Questions to Ask Your Doctor Before a Biopsy
A biopsy is a sample of tissue removed by your doctor to
make a precise diagnosis. Biopsy procedures can range from a simple sampling of
skin under local anesthesia to surgical opening of the chest wall to remove a
portion of lung tissue. Biopsies may also be obtained during diagnostic
procedures such as endoscopy, colonoscopy, bronchoscopy, and others. Sometimes
doctors perform biopsies using a CAT scanor other radiological imaging
techniques to help identify the exact area to be sampled and avoid injury to surrounding organs.
There are several types of biopsies.
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What is a sentinel lymph node biopsy?
The sentinel lymph nodes are the first few lymph nodes ("lymph gland") to receive lymphatic drainage from a tumor, meaning that sentinel lymph nodes are the first lymph nodes to which cancer cells would spread. It stands sentinel over the tumor, so to speak. The biopsy is performed to determine if there are tumor cells in the node. If the sentinel lymph node does not contain tumor cells (a negative result), then the cancer has not likely spread to lymph nodes or other organs via the lymphatic system.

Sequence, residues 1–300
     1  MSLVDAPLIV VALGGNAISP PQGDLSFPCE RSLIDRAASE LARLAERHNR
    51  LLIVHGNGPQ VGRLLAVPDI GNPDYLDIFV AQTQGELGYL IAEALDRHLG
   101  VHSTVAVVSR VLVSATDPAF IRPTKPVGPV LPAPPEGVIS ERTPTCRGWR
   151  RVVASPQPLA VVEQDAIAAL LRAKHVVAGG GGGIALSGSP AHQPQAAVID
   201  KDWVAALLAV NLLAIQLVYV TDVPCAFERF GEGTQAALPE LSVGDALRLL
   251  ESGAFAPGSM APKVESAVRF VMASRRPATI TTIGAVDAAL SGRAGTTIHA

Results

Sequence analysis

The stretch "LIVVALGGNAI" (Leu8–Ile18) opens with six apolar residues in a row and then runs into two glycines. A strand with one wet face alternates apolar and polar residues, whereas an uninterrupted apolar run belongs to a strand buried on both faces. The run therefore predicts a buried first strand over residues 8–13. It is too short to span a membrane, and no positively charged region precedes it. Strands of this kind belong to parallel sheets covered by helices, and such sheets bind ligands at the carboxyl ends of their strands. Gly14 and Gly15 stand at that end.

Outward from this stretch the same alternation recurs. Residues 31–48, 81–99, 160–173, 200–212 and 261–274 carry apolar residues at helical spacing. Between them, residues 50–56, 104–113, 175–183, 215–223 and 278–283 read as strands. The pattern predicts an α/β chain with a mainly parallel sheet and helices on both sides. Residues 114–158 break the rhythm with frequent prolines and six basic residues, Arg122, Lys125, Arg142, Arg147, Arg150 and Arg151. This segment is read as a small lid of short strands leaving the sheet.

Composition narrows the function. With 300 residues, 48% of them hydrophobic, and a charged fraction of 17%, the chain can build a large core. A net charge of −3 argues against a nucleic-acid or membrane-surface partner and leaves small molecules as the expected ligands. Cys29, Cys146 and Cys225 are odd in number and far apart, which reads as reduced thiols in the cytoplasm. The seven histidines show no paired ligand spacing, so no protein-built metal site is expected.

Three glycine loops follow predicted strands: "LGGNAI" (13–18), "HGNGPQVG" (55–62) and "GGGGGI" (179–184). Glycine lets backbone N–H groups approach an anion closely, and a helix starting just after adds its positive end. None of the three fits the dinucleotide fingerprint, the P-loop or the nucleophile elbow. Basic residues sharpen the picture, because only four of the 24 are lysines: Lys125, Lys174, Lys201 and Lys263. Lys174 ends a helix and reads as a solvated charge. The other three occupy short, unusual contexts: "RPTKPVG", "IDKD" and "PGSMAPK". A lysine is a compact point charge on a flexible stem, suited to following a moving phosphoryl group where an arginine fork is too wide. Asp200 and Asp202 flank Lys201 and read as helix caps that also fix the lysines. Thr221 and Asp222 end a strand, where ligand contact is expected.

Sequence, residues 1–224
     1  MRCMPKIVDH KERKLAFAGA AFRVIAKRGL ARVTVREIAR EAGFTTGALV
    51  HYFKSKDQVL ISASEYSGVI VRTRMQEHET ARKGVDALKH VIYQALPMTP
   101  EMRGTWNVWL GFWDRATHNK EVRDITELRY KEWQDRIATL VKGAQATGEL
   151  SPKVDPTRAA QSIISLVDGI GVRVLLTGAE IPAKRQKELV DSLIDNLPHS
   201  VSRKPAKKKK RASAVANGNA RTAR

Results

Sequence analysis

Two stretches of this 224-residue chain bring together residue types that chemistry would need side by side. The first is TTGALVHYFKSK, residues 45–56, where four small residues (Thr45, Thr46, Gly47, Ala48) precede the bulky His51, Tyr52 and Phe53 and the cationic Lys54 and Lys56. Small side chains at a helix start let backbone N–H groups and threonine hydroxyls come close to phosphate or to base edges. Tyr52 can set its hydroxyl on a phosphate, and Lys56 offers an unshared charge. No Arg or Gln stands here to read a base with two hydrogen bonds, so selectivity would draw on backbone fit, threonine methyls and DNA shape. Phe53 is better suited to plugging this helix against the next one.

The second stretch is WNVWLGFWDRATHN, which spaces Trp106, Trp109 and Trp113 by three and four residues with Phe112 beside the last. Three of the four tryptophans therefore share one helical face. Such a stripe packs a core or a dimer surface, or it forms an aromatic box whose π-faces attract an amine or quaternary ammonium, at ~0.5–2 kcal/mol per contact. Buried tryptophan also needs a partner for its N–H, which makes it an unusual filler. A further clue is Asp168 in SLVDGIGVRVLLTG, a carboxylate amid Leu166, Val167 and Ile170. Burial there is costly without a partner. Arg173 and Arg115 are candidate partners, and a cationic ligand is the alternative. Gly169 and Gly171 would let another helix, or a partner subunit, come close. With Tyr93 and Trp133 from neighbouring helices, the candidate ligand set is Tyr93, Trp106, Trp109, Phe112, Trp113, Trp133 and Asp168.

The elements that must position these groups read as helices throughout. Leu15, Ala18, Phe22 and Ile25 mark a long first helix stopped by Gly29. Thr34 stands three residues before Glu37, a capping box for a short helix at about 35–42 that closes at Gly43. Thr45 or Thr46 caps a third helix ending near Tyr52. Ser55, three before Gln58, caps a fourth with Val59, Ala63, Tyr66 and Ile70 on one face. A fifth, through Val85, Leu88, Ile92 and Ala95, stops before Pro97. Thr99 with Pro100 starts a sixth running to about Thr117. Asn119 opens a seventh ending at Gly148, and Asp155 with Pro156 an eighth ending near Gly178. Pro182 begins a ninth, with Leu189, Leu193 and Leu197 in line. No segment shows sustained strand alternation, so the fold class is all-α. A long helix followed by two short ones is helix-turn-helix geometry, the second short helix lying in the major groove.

What is the lymphatic drainage?
Lymphatic system refers to a collection of vessels that, like the system of blood vessels, circulates fluid through the tissues. The lymphatic drainage refers to the manner in which tissue fluid, or lymph, is drained from the body and returns to a central location -- in this case, a lymph node. The lymphatic fluid has a milky appearance.
Why do a biopsy of the sentinel node?
Examination of the sentinel node ("gland") is performed to learn whether that node does or does not have tumor cells within it. The biopsy is performed to verify if there are tumor cells present. This procedure helps the surgeon accurately stage the tumor. Staging a tumor refers to determining the extent to which it has spread in the body.
Medically Reviewed by a Doctor on 8/29/2016